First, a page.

They found that those taking the supplementation had more energy and improved bursts of performance.
Study 3: Long Duration
In one more study, 27 cyclists were given 6.4 grams of beta alanine or placebo over six weeks. Completion time and physiological variables for a one-hour cycling time trial were evaluated between pre and post supplementation. Time trials performed after supplementation showed times significantly slower in the beta-alanine group as opposed to the sugar pill group.
These findings suggest beta alanine does not necessarily help longer duration exercise performance.
What Are Your Fitness Habits?
Though beta-alanine has been shown to boost performance for short duration and high-intensity workouts, it has also shown to decrease the performance for those doing a long duration exercise. With that said, it is vital to identify what kind of exercising you do before choosing to purchase beta alanine supplements.
The International Journal of Sports and Exercise Metabolism did a review of 19 studies related to the beta-alanine supplement. The review was published in 2014. There are moderate to high-quality studies that appear to support that beta alanine may boost power output and working capacity, decrease the feeling of fatigue and exhaustion, and have a positive effect on body composition and carnosine.
What about the rest of us that are healthy, but not always training?
Most of the people in the studies shared in this article have regular exercise routines. But, many of the studies have been on non-regular gym goers. Non-regular gym goers are defined as those who don’t do high-intensity workouts.
This does not necessarily mean that most of the studies are relatable, however. For example, the studies tend to include more males than females. Since men tend to have higher muscle carnosine concentration baselines, this makes it hard to accurately measure average results when the results are for both men and women, instead of separate averages for each. With that said, most of the research has been done on trained athletes, with more men than women so it doesn’t reflect much on general health populations.
One other thing to keep in mind is the number and size of these studies. The problem with this is that a study of 30 people does not accurately represent the general population. Also, the studies have mostly been targeted toward specific exercise routines that are often on one muscle group and not necessarily a large range of muscle groups. The problem with this is that different muscle groups may experience different levels of carnosine due to size and stamina.
Side Effects of Beta Alanine And Safety Concerns
Like many supplements, there are risks involved when taking beta alanine. It does not seem to have a long list of side effects or risk factors right now, but keep in mind that usually symptoms or side effects become known in experiments and studies. The studies are still on a small scale for the most part, so the accuracy of the risk/safety assessment may not be comparable to actual side effects or risk factors.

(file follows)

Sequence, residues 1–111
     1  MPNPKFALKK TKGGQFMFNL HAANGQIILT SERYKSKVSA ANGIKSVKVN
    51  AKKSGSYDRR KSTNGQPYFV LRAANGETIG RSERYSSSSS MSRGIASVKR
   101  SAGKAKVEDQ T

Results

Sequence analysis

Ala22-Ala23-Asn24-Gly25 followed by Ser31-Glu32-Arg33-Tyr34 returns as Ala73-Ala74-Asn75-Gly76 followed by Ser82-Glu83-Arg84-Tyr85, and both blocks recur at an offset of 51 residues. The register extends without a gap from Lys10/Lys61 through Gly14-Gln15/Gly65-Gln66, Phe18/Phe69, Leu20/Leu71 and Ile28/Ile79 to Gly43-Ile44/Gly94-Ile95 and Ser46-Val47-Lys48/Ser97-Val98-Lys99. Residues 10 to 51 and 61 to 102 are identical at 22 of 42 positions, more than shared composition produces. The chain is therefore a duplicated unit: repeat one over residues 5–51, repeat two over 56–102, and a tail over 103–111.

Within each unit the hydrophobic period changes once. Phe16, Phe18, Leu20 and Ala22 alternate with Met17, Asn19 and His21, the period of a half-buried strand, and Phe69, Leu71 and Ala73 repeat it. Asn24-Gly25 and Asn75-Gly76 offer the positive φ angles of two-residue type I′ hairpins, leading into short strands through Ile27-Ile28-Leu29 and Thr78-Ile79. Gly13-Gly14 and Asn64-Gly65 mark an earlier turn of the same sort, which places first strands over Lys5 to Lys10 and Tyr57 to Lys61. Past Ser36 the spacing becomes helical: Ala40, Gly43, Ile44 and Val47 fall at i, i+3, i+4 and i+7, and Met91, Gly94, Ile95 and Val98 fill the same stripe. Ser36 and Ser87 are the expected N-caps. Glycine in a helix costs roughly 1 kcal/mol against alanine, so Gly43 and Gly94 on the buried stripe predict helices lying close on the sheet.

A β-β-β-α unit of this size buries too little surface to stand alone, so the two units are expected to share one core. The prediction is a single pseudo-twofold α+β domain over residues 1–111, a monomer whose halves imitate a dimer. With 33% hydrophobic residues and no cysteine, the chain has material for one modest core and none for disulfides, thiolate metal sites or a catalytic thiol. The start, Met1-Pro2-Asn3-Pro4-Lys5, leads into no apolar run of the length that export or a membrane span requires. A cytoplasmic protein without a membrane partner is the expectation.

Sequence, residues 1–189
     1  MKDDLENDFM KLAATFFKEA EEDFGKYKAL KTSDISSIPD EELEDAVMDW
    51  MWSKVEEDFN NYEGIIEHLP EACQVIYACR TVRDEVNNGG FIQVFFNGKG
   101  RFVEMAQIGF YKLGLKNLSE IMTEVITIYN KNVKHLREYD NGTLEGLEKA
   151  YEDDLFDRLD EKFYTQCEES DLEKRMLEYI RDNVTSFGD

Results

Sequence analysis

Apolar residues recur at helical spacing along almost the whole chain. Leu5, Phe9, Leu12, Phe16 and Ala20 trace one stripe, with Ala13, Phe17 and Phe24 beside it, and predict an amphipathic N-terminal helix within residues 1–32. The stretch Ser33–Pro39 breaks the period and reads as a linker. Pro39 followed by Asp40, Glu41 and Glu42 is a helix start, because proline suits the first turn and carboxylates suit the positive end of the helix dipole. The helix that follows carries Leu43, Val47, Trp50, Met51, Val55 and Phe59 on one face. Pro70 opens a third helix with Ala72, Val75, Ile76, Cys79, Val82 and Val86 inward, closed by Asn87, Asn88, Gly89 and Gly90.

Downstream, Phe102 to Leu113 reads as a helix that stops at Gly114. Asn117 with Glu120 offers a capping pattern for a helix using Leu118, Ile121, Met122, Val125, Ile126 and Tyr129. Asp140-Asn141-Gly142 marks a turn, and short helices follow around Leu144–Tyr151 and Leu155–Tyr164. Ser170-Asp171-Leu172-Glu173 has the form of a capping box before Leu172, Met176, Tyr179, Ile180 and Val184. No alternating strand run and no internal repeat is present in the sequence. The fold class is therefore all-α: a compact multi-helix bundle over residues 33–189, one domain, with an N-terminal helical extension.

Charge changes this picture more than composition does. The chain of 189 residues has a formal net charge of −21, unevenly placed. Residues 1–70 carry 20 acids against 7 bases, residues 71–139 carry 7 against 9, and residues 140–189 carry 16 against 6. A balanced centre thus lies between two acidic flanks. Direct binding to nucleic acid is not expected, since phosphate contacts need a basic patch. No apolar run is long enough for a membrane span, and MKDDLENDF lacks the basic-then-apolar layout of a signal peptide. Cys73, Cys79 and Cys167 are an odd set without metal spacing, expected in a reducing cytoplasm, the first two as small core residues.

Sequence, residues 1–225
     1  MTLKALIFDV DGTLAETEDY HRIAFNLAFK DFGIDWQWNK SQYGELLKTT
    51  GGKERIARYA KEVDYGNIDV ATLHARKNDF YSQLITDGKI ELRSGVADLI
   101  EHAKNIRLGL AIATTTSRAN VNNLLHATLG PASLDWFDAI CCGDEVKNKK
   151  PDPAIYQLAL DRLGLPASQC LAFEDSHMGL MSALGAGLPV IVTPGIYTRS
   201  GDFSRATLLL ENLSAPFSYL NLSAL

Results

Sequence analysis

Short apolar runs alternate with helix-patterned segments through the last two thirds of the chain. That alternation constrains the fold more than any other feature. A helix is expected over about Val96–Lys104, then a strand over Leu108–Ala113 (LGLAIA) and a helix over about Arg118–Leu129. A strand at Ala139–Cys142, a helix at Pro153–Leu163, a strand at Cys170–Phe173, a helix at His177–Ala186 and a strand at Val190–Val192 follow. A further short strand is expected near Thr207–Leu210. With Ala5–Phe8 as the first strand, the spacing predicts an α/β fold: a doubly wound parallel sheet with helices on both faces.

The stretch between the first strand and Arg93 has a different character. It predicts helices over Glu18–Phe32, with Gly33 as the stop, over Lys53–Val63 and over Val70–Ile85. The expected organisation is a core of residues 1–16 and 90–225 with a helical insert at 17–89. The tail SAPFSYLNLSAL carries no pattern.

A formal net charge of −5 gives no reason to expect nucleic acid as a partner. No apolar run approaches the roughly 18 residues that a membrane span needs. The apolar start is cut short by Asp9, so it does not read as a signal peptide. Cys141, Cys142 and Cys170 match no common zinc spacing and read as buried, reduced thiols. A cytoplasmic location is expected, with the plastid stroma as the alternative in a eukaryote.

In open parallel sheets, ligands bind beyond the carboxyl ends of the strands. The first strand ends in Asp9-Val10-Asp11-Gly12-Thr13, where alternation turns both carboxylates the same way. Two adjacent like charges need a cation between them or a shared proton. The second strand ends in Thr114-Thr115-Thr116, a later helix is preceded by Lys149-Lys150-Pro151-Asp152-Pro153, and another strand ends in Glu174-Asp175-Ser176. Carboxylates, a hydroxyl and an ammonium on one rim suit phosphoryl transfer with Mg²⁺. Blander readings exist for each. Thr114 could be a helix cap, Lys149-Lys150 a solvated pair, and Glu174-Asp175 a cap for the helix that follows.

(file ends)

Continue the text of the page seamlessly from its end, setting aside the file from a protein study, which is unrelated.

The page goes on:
There are short-term risks.
For example, some people have reported tingling of the skin mostly located near the hand or face after taking large doses. This symptom usually subsided after about 90 minutes. The range and intensity of this symptom varies depending on the person. Some have noted that they purposely take beta alanine right before exercising because they like that side effect and it makes them feel motivated to train hard. Others have said that it can be pretty uncomfortable and distracting.
Beta-alanine may interact with some heart medication and with drugs for erectile dysfunction. Also, its safety measures have not been established for children, people with certain diseases or conditions, or for women who are pregnant. It is advised to talk to your doctor before you take beta-alanine, just as you should before taking any other supplement.
There have not been many long-term studies with beta alanine. As a result, long-term risks have not been thoroughly assessed. There are also insufficient studies beyond a 12-week time period. As a result, whether or not the carnosine levels in your body continue to rise, or if there is a maximum amount of how much of it can present in your body at one time is unknown. Also, there are not many studies about if there is any harm to having a particular amount of carnosine present at one time.
The U.S. Food and Drug Administration (FDA) does regulate diet supplements. But, it treats them like foods rather than medications. Unlike drug companies, the makers of supplements don’t have to show their products are effective or safe before selling them.
Should You Take Beta Alanine?
A good rule of thumb is that if you are a beginner in exercising, then you should allow your body to get to a good performance level on its own through more exercise and a better diet. Even as an intermediate level exerciser, you should try to improve your performance naturally. Once you get to an advanced stage and have tried many natural means of improving but still find yourself hitting a wall, then it may be time to start looking at beta alanine as a supplement to help you get to the next level.
Since there is insufficient evidence examining the safety of beta-alanine supplementation and its side effects you should use caution before starting to take it. The International Journal of Sports and Exercise Metabolism study review backs that up.
It may be a good idea to review your daily diet of food and water before deciding to start using supplements because the little boost you are looking for may just be something you could get from protein or carbs. If that is not the case, with caution in mind, the use of beta-alanine may be the right supplement for you.
By Emily Oches